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About Last Night: A Second to Forget

After the Canes let a 3-1 lead slip away in Columbus, what are the takeaways?

NHL: OCT 24 Hurricanes at Blue Jackets Photo by Adam Lacy/Icon Sportswire via Getty Images

The Canes’ four-game road trip, which began last week with three games in California, ended last night with an overtime loss to the Columbus Blue Jackets.

Let’s have a look back at the 4-3 defeat and examine what went right, what went wrong, and what looked messy.

The Good - The First Period

After a nearly week-long layoff, Rod Brind’Amour had expressed his concerns about shaking off some rust early. For the most part, that wasn’t an issue. True, the Canes gave up a 4-on-1 rush (and goal) after a deflection in the Blue Jackets zone, but overall the ice was tilted in the Canes’ direction for most of the first period.

Norris candidate Dougie Hamilton scored his sixth of the season on a nifty pass from buddy Warren Foegele (who I might add, played his best game of the season).

After Hamilton got things started, Martin Necas and Ryan Dzingel got in on the action. Both players showed poise and skill on Carolina’s second goal. Necas held the puck long enough to draw Jackets goaltender Joonas Korpisalo out of the play, then fed it back to Dzingel in the slot. For his part, Dzingel pulled off a world-class toe-drag before potting his third goal of the year.

Finally, there was the one we’ve all been waiting for. Sebastian Aho got his first non-empty-net goal of the year. As predicted, Aho saw increased minutes on the fourth line with Lucas Wallmark and Brock McGinn. It was on one of those shifts that Aho got his stick on a Brett Pesce shot.

With 7:32 left in the first, it looked like the Canes were well on their way to a victory. But then came the second period...

The Bad - The Second Period

The box score doesn’t always tell the story, but the second-period stats from last night’s game paint quite a picture.

During the second, Carolina was out-shot 15-3, gave up two goals, and scored none. They were under siege for most of the period, which brought on this reaction from their head coach:

You don’t have to be a lip-reader to get his point. The Canes were hemmed in their zone and unable to maintain possession and establish a forecheck in the offensive zone.

Petr Mrazek did his best to hold down the fort, and his effort kept things from getting too far out of hand. Nevertheless, by the end of the second, the score was tied 3-3.

As a final point on the second period, the decision to dress seven defensemen needs to be discussed.

Although Carolina had seven defensemen available to play, it appears the plan was to only use six - at least until the third period. Haydn Fleury played exactly zero minutes through the first two periods, while Trevor van Riemsdyk saw plenty of ice time over the same stretch. This is only TVR’s second game back, and it won’t be one he’ll be re-watching with any enjoyment. He was beaten several times, most notably on the game-tying goal. On that play, Sonny Milano simply went by him and got in alone on Mrazek. After that, Fleury got a couple shifts in, and TVR didn’t see much of the ice.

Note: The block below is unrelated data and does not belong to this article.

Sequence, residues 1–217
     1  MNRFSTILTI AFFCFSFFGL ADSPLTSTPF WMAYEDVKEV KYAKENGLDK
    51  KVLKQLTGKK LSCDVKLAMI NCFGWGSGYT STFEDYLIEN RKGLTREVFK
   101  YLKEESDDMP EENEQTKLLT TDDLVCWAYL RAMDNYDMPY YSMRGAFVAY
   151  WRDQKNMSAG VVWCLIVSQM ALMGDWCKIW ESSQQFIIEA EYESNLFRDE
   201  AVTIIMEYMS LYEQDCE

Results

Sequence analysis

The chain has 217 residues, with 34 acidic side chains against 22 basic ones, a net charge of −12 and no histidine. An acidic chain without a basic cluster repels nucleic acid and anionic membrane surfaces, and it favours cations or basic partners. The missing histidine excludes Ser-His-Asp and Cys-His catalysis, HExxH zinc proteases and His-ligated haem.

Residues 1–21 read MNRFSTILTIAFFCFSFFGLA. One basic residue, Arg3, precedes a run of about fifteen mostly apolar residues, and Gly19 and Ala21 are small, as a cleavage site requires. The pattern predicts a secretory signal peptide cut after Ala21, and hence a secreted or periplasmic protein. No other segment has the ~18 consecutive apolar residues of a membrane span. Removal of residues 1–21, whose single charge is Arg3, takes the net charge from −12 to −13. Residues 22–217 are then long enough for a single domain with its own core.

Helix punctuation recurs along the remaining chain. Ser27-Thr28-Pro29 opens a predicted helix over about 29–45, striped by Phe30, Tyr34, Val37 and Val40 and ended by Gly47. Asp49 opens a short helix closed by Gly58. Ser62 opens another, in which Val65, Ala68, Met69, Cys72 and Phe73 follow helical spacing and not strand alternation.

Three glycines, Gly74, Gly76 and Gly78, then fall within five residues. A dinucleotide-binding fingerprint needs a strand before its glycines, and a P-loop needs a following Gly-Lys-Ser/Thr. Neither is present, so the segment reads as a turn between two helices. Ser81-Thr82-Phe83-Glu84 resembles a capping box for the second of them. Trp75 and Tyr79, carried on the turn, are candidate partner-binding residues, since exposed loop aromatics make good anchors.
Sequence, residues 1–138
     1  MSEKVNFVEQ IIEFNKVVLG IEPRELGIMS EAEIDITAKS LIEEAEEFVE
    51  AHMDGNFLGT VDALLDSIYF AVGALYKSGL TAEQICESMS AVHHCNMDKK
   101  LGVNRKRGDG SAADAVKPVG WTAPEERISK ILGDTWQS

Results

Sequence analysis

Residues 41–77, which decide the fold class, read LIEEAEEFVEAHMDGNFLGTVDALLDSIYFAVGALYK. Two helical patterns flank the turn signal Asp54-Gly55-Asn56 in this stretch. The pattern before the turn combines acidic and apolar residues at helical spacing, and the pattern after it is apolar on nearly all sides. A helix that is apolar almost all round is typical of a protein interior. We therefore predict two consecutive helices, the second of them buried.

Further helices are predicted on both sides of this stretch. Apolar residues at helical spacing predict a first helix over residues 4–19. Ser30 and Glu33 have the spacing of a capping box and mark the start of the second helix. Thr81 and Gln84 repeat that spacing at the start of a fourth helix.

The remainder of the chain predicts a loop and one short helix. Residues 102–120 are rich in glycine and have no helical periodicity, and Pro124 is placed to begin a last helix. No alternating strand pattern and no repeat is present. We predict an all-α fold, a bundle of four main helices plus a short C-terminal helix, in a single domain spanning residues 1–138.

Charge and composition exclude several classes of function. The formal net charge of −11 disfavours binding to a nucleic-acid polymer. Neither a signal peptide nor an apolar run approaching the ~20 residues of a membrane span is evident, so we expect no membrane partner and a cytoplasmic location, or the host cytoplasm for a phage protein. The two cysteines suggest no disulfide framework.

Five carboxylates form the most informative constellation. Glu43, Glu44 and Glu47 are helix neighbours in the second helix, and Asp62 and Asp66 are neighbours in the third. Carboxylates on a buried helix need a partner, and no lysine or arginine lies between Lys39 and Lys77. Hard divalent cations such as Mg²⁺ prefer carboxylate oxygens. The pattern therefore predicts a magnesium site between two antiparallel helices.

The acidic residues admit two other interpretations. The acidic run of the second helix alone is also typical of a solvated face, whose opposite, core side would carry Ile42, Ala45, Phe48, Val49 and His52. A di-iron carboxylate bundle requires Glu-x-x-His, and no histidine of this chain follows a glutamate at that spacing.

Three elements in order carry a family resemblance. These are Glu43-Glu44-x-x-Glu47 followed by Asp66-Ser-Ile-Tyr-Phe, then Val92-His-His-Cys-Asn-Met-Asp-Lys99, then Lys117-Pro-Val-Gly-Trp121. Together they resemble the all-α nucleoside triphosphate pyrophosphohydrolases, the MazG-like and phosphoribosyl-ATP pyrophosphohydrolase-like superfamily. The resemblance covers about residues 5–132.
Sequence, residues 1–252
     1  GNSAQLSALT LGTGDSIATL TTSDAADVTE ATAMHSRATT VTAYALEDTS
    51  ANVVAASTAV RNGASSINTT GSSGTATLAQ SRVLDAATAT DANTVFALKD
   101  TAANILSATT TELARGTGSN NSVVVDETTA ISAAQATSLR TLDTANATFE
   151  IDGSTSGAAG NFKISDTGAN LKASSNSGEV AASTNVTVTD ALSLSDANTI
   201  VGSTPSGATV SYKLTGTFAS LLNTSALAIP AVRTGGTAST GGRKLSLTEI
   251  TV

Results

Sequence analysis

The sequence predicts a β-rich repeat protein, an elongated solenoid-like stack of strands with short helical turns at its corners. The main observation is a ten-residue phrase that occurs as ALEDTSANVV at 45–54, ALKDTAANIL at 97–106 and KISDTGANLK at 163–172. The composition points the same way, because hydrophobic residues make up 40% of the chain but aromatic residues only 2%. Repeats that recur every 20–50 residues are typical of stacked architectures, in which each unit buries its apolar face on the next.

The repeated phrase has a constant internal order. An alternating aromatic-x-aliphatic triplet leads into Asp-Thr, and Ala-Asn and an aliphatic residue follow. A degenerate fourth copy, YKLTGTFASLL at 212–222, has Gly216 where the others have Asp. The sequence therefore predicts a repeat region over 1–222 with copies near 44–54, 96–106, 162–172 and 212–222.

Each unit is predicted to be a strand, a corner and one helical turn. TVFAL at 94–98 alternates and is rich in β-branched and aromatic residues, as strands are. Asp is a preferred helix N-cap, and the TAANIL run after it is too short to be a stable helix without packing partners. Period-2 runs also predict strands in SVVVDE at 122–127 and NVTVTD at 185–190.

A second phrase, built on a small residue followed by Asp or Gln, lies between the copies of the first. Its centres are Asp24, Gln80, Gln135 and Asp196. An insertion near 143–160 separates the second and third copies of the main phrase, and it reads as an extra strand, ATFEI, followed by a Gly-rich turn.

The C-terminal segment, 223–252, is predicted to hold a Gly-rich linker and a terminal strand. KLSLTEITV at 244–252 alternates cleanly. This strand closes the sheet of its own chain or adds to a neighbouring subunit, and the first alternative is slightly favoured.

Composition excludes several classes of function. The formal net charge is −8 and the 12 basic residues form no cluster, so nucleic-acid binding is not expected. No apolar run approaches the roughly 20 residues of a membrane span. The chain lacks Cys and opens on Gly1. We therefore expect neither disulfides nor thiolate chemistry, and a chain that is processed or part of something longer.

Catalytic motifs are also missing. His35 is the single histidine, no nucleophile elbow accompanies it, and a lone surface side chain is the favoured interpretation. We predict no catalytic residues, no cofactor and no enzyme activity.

It’s probably fair to say that Fleury should continue to dress until the coaching staff sees a better performance out of van Riemsdyk.

The Ugly - The Power Play

Even with the debacle that was the second period, the Canes were presented with several gift-wrapped opportunities to take back the lead.

With 2:30 left in the second, Seth Jones took a tripping penalty. Over the next 13:17 of game time, the Canes would have 6:00 of power play time. As has been the case recently, both units looked out of sync. Entries were hard to come by. On a few occasions, the zone was entered - only for the first pass to go to a vacated point.

What seems clear is that both units are lacking some confidence. With most teams stacking at the blue line to prevent entries, the Canes must be willing to force offense quickly on the rush. Several times they chose to slow things down after gaining the blue line with speed. It may seem counter-intuitive when you’re struggling on the power play, but oftentimes the better decision in that situation is to drive the net and try to score immediately upon gaining the zone - before the penalty killers can get reset. Either you score, or you force the killers to collapse on their own net, perhaps making your next attempted entry a little bit easier.

Final Thoughts

All in all, a point on the road is not a bad thing. After leading 3-1, it stings a bit to lose, especially to a divisional opponent. Nevertheless, the Canes now return from their four-game road-trip with three points out of a possible eight. Not ideal, but not horrible. With five of the next six at home, they’ll look to re-establish the momentum that they had to start the season.